Try not to overlook these as they are plentiful, can look spectacularly pretty when photographed up close and since they're plentiful, make for good practice to develop your techniques on.
The introduced House Sparrow (Passer domesticus
) is a common garden bird that is often overlooked. However, they are a most attractive finch and can make great subjects!
Try to wear dull-coloured clothing and avoid sudden or sharp movements. If you're with other people, talk in quiet voices and don't suddenly raise an arm to point something out.
Whilst any dull-coloured clothing is suitable, camouflage clothing picked up from an Army disposal store is often made to be hard-wearing.
Find a nice quiet spot, sit down and let the birds come to you. Birds will often move in close to "check you out" whilst you are just sitting there. By sitting down, you're keeping yourself small and low to the ground and appear much less threatening. You'd be surprised at just how close some birds will approach using this method!
If you're stalking birds, keep yourself low to the ground and avoid looking directly at your subject. Don't walk in straight lines towards birds, but rather walk in diagonals in the general direction of your subject to slowly make an approach.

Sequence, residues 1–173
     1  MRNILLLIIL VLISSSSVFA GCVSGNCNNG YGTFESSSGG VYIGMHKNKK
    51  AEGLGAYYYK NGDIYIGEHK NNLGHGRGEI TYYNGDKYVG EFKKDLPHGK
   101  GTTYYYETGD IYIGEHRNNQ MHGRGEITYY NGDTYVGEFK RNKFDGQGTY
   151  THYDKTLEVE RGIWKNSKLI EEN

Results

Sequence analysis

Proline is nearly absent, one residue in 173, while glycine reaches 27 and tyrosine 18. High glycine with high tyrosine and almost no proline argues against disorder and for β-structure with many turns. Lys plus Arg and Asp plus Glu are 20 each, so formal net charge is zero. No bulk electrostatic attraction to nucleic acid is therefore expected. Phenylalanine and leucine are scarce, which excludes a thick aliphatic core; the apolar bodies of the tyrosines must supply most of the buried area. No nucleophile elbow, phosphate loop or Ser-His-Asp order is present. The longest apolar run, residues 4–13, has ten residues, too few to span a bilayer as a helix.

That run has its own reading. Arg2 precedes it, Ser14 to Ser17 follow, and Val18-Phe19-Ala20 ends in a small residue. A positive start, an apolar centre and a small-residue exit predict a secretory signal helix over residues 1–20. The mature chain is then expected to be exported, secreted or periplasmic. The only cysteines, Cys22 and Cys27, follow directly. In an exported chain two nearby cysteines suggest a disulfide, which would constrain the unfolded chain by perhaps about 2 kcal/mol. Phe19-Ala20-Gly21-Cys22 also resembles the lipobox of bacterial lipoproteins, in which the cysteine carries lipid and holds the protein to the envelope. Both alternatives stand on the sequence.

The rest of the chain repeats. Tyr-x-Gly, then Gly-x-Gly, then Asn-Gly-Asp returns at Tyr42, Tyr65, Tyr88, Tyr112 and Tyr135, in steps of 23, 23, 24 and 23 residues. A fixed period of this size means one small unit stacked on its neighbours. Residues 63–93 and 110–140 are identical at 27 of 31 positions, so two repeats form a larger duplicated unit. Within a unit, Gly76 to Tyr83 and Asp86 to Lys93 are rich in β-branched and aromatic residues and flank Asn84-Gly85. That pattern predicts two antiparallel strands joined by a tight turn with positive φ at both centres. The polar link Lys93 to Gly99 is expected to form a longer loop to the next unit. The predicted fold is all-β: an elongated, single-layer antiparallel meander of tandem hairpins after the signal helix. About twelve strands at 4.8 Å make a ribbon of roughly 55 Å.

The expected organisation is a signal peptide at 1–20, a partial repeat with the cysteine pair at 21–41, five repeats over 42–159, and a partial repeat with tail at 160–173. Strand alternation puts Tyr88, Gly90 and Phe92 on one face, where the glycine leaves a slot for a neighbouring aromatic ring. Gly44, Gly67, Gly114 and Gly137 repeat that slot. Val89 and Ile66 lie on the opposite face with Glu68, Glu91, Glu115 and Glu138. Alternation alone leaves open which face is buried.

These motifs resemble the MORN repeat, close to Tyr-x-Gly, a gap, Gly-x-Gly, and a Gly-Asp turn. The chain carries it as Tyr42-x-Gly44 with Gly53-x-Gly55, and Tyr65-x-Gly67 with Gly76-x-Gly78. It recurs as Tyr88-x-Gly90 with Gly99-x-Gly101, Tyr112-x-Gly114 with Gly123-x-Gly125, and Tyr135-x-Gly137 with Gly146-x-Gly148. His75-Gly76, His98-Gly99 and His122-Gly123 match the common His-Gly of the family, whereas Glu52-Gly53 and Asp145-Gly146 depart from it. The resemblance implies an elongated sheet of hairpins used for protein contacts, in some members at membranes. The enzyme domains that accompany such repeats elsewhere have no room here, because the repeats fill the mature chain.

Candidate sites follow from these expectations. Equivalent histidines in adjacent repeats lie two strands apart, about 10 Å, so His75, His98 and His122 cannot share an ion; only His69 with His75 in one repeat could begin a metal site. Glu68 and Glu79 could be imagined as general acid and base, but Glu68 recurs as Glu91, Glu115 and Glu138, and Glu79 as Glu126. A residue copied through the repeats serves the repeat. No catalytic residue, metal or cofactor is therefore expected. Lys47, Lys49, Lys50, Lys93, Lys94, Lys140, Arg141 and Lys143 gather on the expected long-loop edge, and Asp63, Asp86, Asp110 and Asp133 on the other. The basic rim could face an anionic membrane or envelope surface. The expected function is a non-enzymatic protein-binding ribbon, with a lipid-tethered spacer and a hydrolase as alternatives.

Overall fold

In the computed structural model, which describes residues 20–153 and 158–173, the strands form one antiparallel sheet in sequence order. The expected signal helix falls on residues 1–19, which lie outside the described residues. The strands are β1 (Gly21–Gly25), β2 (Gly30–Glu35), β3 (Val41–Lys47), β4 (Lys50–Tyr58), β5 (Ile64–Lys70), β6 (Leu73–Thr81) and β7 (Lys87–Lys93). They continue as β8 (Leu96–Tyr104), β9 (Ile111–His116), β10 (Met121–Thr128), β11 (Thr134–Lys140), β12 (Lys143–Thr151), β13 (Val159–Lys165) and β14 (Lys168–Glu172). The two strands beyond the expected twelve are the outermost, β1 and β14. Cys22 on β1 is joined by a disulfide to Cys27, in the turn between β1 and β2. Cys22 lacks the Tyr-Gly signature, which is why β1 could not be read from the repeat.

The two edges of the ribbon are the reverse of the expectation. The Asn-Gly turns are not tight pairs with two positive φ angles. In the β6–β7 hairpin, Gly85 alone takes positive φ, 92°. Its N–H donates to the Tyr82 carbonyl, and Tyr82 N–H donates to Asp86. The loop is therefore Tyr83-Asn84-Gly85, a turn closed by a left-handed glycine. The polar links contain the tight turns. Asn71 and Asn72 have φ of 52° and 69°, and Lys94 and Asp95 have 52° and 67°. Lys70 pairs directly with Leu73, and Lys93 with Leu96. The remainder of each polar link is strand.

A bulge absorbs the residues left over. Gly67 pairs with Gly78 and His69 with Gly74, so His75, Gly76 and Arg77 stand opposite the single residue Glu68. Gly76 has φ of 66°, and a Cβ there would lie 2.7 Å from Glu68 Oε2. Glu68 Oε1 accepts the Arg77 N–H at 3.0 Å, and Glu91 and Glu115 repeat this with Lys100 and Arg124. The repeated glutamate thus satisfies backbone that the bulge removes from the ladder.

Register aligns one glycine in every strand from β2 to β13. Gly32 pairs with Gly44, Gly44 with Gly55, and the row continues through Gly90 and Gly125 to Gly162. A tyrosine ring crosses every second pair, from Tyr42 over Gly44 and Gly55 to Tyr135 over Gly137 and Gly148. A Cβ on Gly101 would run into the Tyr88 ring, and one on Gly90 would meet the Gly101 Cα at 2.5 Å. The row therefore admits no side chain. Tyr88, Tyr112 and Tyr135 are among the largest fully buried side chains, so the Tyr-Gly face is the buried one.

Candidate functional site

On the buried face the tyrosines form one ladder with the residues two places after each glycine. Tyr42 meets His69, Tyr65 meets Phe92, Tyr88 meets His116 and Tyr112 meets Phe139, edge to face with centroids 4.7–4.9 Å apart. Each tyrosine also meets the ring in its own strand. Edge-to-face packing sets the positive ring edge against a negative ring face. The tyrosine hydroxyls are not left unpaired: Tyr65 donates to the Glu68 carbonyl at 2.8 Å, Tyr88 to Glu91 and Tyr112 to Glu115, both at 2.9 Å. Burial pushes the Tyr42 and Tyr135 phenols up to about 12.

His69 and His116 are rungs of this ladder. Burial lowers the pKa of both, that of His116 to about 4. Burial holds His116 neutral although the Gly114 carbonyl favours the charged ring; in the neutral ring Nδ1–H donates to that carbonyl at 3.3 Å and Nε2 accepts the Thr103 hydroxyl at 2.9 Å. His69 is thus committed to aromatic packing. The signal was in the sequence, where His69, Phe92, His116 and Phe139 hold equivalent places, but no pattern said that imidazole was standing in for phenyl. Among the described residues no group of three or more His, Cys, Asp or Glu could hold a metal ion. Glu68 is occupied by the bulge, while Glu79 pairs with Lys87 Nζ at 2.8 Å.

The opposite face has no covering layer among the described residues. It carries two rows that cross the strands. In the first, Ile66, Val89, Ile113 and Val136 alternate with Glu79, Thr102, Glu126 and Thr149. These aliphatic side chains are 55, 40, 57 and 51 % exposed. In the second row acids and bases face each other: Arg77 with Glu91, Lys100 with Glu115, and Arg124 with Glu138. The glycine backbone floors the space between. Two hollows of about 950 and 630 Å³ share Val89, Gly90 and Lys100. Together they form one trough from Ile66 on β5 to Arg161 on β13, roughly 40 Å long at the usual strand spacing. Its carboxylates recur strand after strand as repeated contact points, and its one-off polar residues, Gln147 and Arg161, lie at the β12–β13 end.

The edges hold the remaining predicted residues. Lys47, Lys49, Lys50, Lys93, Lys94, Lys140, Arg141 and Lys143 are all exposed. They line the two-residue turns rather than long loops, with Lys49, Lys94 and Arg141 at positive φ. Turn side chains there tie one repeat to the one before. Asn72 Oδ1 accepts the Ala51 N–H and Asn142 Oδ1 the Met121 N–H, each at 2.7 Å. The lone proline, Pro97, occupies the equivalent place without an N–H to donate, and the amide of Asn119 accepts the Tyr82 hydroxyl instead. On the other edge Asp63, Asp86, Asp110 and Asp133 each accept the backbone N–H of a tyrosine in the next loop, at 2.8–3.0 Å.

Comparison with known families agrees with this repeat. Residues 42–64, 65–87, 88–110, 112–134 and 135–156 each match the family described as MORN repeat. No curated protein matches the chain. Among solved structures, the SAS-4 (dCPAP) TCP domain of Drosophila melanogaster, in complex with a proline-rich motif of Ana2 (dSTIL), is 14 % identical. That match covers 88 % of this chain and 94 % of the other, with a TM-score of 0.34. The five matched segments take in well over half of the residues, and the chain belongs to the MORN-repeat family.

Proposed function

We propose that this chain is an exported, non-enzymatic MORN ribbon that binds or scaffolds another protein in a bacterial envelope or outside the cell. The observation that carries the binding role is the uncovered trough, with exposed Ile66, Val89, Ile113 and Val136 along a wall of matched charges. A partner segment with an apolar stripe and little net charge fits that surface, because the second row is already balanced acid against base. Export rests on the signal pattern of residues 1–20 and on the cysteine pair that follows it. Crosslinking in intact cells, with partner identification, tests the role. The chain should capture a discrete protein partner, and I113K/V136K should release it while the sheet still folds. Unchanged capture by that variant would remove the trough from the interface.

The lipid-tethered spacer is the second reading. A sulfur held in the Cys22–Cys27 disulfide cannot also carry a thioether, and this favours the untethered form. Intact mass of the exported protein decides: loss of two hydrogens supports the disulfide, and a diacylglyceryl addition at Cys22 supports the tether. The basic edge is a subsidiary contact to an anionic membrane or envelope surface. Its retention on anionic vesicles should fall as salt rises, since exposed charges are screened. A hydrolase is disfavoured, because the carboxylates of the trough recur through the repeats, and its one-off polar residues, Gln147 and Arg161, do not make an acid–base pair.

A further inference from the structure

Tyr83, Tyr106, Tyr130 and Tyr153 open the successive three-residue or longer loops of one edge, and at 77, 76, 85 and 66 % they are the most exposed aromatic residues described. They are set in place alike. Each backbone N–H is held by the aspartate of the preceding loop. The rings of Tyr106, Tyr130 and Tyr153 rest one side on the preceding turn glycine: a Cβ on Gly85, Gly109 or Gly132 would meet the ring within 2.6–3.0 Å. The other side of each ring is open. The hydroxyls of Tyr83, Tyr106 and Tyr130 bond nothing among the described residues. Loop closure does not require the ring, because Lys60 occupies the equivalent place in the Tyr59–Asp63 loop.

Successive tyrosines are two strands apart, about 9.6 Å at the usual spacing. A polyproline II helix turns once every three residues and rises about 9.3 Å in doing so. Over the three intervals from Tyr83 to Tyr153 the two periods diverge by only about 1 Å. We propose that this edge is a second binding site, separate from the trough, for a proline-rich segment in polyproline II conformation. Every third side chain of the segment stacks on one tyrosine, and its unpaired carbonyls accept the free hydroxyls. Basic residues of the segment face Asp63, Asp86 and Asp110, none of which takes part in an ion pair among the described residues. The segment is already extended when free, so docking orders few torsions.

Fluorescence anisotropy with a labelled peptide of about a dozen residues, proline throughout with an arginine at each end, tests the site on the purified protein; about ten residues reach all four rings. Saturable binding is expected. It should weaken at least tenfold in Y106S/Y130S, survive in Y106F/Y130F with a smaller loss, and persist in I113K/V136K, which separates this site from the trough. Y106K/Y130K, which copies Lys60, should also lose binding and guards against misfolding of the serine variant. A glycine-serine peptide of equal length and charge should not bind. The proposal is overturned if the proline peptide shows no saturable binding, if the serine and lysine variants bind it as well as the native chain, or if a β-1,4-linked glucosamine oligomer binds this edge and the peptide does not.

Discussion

Use any available natural cover to hide behind as you approach. Even pausing now and then to examine a plant you might be standing next to, will give the impression you have little interest in the bird and it won't feel threatened as you move closer.
There is much debate about using call playback to attract birds, some suggest it may be harmful and disruptive to birds, whilst others feel it does no harm. If you do use playback to attract birds, the bird's welfare must come first and foremost! Don't overdo it and if the bird shows any sign of distress, cease using it immediately!
Just as effective is to use a technique called pishing
. This is simply making a squeaky, kiss-like noise with your lips. It's thought this replicates the scolding calls of some species against a predator. It often has the effect of bringing in other birds to investigate what the source of the threat might be.
Hides and Blinds